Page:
Trees are a beautiful part of our world. They are not only gorgeous and calming to look at, they also provide us with oxygen and shade, a shelter for animals, and they are vital to sustaining our ecosystem.
What many of us don’t know about trees is how they grow.
Trees have six organs: leaves, stems, and roots – or vegetative structures – and flowers, fruits and seeds, or reproductive structures. Tree growth involves the vegetative structures increasing in size and numbers. Trees then use the sun, carbon dioxide, water, and minerals to produce sugars. Sugars are the building blocks of tree growth.
Roots – the Source of Tree Growth
An important biologic functionary of the tree root system is the small, almost invisible root “hair.” Root hairs are located behind the hard, earth –probing root tips that burrow, extend and expand in search of moisture while at the same time building a tree’s ground support. Millions of these fragile, microscopic root hairs wrap themselves around individual grains of soil and soak up moisture and dissolved minerals.
A primary soil benefit takes place when the root hairs latch onto soil particles. Eventually, tiny roots extend to so many particles of earth that the soil becomes solidified into place. Consequently, the soil is capable of resisting the erosion of wind and rain and becomes a solid foundation for the tree itself.
Root hairs are always expanding, as they grow to provide sustained maximum root hair production. What’s more, most roots are located in the top 18 inches of soil and more than half are in the top six inches of soil.
Tree Trunks – Supporting Tree Growth
A tree’s trunk is vital for limb support and root-to-leaf nutrient and moisture transport. The tree trunk constantly lengthens and expands as it grows while seeking moisture and sunlight. Cell divisions in the cambium layer of the bark are responsible for a tree’s diameter growth. The cambium is made up of growth tissue cells and is located under the bark.
The annual rings that you see on a tree are the new layers created by the xylem cells and phloem cells. These cells are formed on both sides of the cambium. Xylem cells conduct water and nutrients. Fibers in the xylem cells provide strength in the form of wood. Meanwhile, the vessels funnel water and nutrients to the leaves. Phloem cells transport sugars, amino acids, vitamins, hormones, and stored food.
Leafy Crown – Bud Formation
The tree’s crown is where the predominant amount of bud formation takes place. The tree bud is a small bundle of growing tissue that develops into embryonic leaves, flowers, and shoots. It is important for primary tree crown and canopy growth.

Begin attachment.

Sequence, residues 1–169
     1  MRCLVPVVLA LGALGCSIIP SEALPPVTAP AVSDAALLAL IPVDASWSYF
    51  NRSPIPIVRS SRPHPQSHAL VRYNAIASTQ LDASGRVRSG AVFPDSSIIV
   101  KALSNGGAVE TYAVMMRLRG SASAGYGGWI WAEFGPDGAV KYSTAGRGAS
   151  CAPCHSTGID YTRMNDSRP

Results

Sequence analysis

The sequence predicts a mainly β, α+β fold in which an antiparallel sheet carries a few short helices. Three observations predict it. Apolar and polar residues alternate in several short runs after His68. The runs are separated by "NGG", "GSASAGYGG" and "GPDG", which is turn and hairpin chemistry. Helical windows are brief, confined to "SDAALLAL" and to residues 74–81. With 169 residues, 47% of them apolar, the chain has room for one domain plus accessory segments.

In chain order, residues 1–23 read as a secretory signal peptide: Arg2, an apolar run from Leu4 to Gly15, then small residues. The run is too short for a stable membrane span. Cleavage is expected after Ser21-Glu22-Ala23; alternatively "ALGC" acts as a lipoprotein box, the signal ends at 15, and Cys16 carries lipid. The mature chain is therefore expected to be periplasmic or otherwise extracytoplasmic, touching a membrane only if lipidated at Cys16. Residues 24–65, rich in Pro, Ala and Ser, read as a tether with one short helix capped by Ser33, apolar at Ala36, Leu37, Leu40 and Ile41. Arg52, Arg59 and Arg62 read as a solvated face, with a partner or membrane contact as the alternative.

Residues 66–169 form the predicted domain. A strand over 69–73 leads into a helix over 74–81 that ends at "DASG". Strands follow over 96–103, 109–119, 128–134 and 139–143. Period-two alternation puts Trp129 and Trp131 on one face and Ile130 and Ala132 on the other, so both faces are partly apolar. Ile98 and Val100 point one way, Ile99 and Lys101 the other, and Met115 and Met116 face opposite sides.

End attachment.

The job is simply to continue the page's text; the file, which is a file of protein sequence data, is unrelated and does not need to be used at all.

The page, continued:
Along with branch growth, buds are what cause flower formation and leaf production. A tree’s small budding formation is covered in a protecting leaf known as the cataphylls. The protected buds enable plants to keep growing and produce small new leaves and flowers despite any adverse environmental conditions that may exist.
A tree’s “crown” is a grand network of leaves and branches formed by growing buds. Similar to roots and trunks, branches grow in length from growth cells that make up the meristematic tissues, which are contained in growing buds. A tree’s crown shape, size and height are established by limb and branch bud growth. The tree’s main and terminal leader grows from a bud cell – the apical meristem – which controls tree height.
Reaching New Milestones
Trees are considered seedlings at the beginning of the growing process until the tree is about 3 feet high, though this varies among different tree species. Then it becomes a sampling. The tree continues as a sampling until its trunk extends 2 ¾ inches in diameter. Then the tree is re-categorized as a young tree. The tree is classified as mature when it has reached about
12 inches in diameter.
Let Boyd’s Tree Service Help Keep Your Trees Healthy and Thriving
At Boyd’s Tree Service, we are a full-service tree and stump removal business that serves the Tri-Cities and surrounding areas. We pride ourselves on always making sure the trees in our communities are healthy and beautiful.
You’ll find that Boyd’s Tree Service – comprised of fourth-generation tree men – provides the most comprehensive tree care. We take pride in enhancing the well-being, beauty and aesthetics of your trees.
If you live in the Tri-Cities and surrounding areas and you would like more information about our tree services or to schedule an appointment, we invite you to call Boyd’s Tree Service at (509) 585-4194.